These are the works of two artists who were once teacher and pupil, both having left their neutral oasis in the middle of Europe to arrive in different eras at the famous Academy of Fine Arts in Munich. There are many stories to tell about their journey, but what we have to work with in this book are three objects produced two Swiss artists of different generations, using a classic material: Gold.
Why would an artist want gold to disappear? After centuries of trying to make gold out of everything from lead to blood, and when they finally are in the comfortable and secure position of having some gold to use, why make this precious material vanish from sight, through concealment and disguise? Is this a Swiss joke?
Otto Künzli’s title, “Gold Makes Blind” is key to deciphering this mystery. Gold is a loaded material that influences all opinion. We cannot be neutral when it comes to gold; it makes us blind, sways our opinion, so hide it in a slick black circle and seek freedom. But the mysterious bump belies the apparently innocent snake. The gold is there, the perfectly crafted sphere, back in the darkness where it came from, but why?
After years of preoccupation with themes such as “How can I prevent jewellery from being worn”, David Bielander returned to jewellery. An odyssey of experimentation followed, and then an object appeared fit for a joker king, touch alone slides the veil aside to reveal the reality of the piece through its weight; a carefully hand constructed golden crown disguised as stapled cardboard. Between the bracelet and the crown Otto’s thumbtack functions to underline how meaning collects in an object through materiality and intention, a thumb-tack-Art-attack-brooch.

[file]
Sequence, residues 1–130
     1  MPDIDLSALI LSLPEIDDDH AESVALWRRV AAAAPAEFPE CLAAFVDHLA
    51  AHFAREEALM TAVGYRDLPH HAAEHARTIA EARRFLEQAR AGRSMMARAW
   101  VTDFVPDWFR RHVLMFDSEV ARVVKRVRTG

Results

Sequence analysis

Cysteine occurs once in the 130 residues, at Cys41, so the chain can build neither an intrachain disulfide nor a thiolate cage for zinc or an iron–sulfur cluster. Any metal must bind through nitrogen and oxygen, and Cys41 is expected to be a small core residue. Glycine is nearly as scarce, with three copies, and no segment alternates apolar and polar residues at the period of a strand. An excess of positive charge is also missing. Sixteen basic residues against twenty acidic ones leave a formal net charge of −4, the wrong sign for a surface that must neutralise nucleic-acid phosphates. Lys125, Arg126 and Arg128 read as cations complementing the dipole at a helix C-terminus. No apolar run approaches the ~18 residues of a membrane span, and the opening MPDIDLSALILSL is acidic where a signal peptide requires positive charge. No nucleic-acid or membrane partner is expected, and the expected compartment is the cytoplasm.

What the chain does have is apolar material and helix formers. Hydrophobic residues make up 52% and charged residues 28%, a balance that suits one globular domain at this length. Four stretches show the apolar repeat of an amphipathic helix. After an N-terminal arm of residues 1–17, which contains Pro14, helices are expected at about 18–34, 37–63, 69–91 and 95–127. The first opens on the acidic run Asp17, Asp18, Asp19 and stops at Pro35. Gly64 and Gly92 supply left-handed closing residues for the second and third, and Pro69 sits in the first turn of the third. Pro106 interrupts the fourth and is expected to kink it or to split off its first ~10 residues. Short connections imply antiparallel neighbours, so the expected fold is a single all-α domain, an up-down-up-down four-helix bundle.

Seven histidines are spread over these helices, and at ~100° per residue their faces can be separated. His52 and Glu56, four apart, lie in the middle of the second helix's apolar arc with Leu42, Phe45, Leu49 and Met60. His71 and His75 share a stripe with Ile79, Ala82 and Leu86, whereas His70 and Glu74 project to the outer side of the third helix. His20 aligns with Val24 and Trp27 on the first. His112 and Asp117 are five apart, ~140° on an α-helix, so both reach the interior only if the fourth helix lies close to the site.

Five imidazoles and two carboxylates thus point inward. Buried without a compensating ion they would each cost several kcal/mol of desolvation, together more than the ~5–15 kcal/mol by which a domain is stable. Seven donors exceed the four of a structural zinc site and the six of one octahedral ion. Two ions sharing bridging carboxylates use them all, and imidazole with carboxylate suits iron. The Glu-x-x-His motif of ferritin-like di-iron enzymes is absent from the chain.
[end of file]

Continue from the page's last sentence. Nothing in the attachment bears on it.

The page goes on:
It would appear that these works are born out of a need. They are certainly a reaction against convention, against the gold=money=power equation, but also against the dogmas of a rigorous gold smithing training that left little room for questions: What is Jewellery? What can it be? What can it mean? Through creating these works the artists have wrestled out a freedom with out relinquishing their skills, their intimate understanding of this material, instead turning this around to forge a new space with room for enquiry. Philosophical and stoic alchemists, they attempt to refine and purify the ideas in their field from base subject matter. But there is something else as well. Reoccurring often in Swiss Art, Merit Oppenheim, Pipilotti Rist, Fischli and Weiss, Künzli and Bielander connect through their pleasure in the absurd. They are Jokers and Alchemists, alloyed in equal quantities.
These works have been intentionally created to contribute to a dialogue within the niche field of Contemporary Art Jewellery and to the conversation about materiality in contemporary Art. Together in this vitrine they are now a triptych, carefully curated, intentionally placed side by side, to build a useful story. This tale will twist and morph, like all stories about objects as time and space accumulates between their inception and their location, as they spin their way through different epochs, carried along by waves of collecting and gifting. Is this their final location? What of this story will be told centuries from now? These rare contradictions, earnest and humorous, created by cleaver, skilled artists. The works have autonomy now, the joker alchemists having insured that relevance moves beyond the specificity of production, the personal dialogue, the inside joke. They have created meaning, contributed to the possibilities of working with an ancient, fraught material and left the results to humanity as testimonies of the value of artistic freedom and enquiry.
Helen Britton 2019 Published in “Jewellery Stories” 2021 Museum of Art and Design New York, Arnoldsche ISBN 978 389790 602 0